Stewart Indian School Archeology

History of Stewart

stone house

The Stewart Indian School is an Indian Boarding school located in Carson City, Nevada. The school educated numerous Indians from tribes all over the West, from its opening in 1890 until its closing in 1980. The goal of Indian boarding schools across the west was assimilation of Indian children into white culture. With assimilation at the forefront, the school was originally very militaristic in style and the treatment of students. Vocational training originally had more emphasis than academic studies, but in the school’s mid to later years, academics were considered just as important. The eventual closing of Stewart in 1980 was due to budget cuts and concerns with safety of some of the old stone buildings on the campus.


Fieldwork

“It is a really important place of national significance, and it needs to be preserved and interpreted for the public so people know the story of this place, it’s like a national treasure, but a lot of people don’t know it’s here.” —Sarah Cowie

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The fieldwork was conducted in the summer of 2013. Ground survey was done to help determine where excavations could begin. Ground-penetrating radar followed to help further distinguish where artifacts could be uncovered. Students participating in the field school assisted with excavating test units in the areas chosen. Due to collaborative efforts, many artifacts were recorded in the field, but not collected or taken off site.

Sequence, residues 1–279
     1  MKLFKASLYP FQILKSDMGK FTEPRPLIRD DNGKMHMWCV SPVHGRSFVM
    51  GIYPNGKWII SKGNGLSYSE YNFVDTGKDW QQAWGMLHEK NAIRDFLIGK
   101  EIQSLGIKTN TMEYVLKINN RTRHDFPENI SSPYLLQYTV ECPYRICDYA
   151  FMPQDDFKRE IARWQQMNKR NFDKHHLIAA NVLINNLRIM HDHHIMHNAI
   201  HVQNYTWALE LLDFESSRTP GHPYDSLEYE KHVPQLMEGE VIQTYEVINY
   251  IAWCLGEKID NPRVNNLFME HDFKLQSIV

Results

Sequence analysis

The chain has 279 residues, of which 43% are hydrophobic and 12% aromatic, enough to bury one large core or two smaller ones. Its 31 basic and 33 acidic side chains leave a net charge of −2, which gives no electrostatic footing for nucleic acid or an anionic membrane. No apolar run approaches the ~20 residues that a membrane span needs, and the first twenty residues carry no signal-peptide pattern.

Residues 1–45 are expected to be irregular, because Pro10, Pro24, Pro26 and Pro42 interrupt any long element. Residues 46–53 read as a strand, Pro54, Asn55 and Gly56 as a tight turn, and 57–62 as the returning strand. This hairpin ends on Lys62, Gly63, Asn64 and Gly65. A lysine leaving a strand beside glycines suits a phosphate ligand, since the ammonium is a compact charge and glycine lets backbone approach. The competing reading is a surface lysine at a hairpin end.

Collaborative Archaeology

“The goal of collaborative archaeology is to correct the inequality that exists between descendent groups and archaeologists by transcending standard consultation requirements and reaching a truly cooperative relationship that begins at the onset of research projects.” —Kent G. Lightfoot

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The work conducted at Stewart was a collaborative project between Dr. Cowie and the University of Nevada, Reno, in cooperation with the State Historic Preservation Office, the Nevada Indian Commission, and the Washoe Tribal Historic Preservation Office. The interest and aim of the field school was to uncover the original wood buildings from Stewart’s earliest years, which were replaced starting in 1919.


Results

unit

Glass fragments, nails, and architectural materials were all common finds within many of the test units. Buttons, marbles, coins, toys and other miscellaneous artifacts were also discovered between the units. Many architectural artifacts were uncovered at units that lined the area of the original wooden school building; however, some were mixed possibly due to later construction in the area.

Page written by Heather Domschot

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